In 1914 a very young Jones gave birth to her first child, Rosalie. The child’s father, Cassius Davis, was a native of the Georgia Sea Islands and had come to the Dawson area seeking farm work. After World War I Bessie lived briefly in Milan and Fitzgerald. Cassius died in Brunswick in 1926. For the next seven years she lived in Florida. In Okeechobee she married George Jones and in 1933 they moved to St. Simons Island. They had two sons: George L. Jones (1935) and Joseph (1937). George died in 1945. After his death Bessie got involved with the Spiritual Singers of Coastal Georgia, perhaps the first group to formally attempt to preserve and perform the slave songs and spirituals of the Sea Island Gullah and Geechee people. It was a great honor for Bessie to have been invited to join the group, as she was not a native of the islands.
Bessie met folkorist Alan Lomax in 1959 and a couple of years later he recorded a series of songs, stories, and interviews with her at his apartment in New York City. In 1963, the Georgia Sea Island Singers were established. Lomax arranged a tour that took the group to colleges around the country and a decade of travel followed. They participated in the Poor People’s March in 1968 and appeared at Carnegie Hall, the Newport Folk Festival, Montréal World’s Fair, Central Park, and numerous Smithsonian Folk Life Festivals. In 1976, the Sea Island Singers performed at the inauguration of President Jimmy Carter. In 1982, Mrs. Jones received a National Heritage Fellowship from the National Endowment for the Arts, but died of leukemia later that year.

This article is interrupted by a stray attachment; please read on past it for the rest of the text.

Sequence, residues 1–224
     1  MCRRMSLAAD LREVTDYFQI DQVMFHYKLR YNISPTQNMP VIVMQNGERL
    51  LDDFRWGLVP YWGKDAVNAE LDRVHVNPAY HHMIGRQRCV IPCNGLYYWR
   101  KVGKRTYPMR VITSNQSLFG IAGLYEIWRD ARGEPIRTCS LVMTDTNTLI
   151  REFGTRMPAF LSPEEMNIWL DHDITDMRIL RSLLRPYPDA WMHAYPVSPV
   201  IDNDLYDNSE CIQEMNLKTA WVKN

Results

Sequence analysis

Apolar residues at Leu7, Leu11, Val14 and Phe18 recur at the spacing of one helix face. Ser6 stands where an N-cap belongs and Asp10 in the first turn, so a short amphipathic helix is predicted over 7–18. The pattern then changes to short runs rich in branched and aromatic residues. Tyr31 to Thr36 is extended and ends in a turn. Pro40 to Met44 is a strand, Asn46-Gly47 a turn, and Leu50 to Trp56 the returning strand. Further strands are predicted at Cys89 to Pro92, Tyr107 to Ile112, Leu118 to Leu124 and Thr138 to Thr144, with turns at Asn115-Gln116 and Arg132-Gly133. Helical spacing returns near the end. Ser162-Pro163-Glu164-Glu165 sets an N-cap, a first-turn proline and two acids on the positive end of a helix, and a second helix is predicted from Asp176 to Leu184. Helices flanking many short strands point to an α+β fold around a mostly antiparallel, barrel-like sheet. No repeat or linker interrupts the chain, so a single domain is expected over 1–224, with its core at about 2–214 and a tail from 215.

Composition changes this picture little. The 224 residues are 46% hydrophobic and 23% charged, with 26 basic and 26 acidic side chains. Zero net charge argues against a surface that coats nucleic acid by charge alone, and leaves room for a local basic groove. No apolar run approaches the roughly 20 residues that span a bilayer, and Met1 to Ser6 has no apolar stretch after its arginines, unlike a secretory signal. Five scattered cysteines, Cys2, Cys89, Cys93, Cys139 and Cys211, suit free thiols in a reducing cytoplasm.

Peter Stone and Ellen Harold’s profile of Bessie Jones at the Association for Cultural Equity, from which this was condensed, is an excellent source for further reading.
True Life Ministries of Atlanta has been conducting “open water” baptisms on St. Simons Island for 21 years. The church welcomes all who want to take part and have baptized over 1000 since they began the annual event. It’s a wonderful thing to see, no matter your background or faith.
Often associated with African-Americans, mass baptisms were equally popular with white churches (especially rural congregations) into the mid-20th century. Indoor baptismal pools have largely replaced the outdoor ritual today.
Now home to Lord of Life Lutheran Church, this Spanish Mission Revival chapel was originally home to St. William Catholic Church. Franciscan friars first established a mission presence near this very site in the late 1500s to minister to the native Guale peoples but these early missionaries were martyred and the mission destroyed in 1597. The location was selected by Father Peter McOscar, SM, pastor of St. Francis Xavier of Brunswick, architect Cormac McGarvey, and Mrs. Edith Smith Young. It was originally served by Marist priests from St. Francis Parrish.
Several celebrities had a connection to the church during its history. In the mid-1930s, actress Irene Dunn was a member of a Confirmation Class here; the great tenor Giovanni Martinelli once sang here; Joe DiMaggio was a volunteer altar server in 1950.
Thanks to Jimmy Goodis for identifying it as the original St. William’s.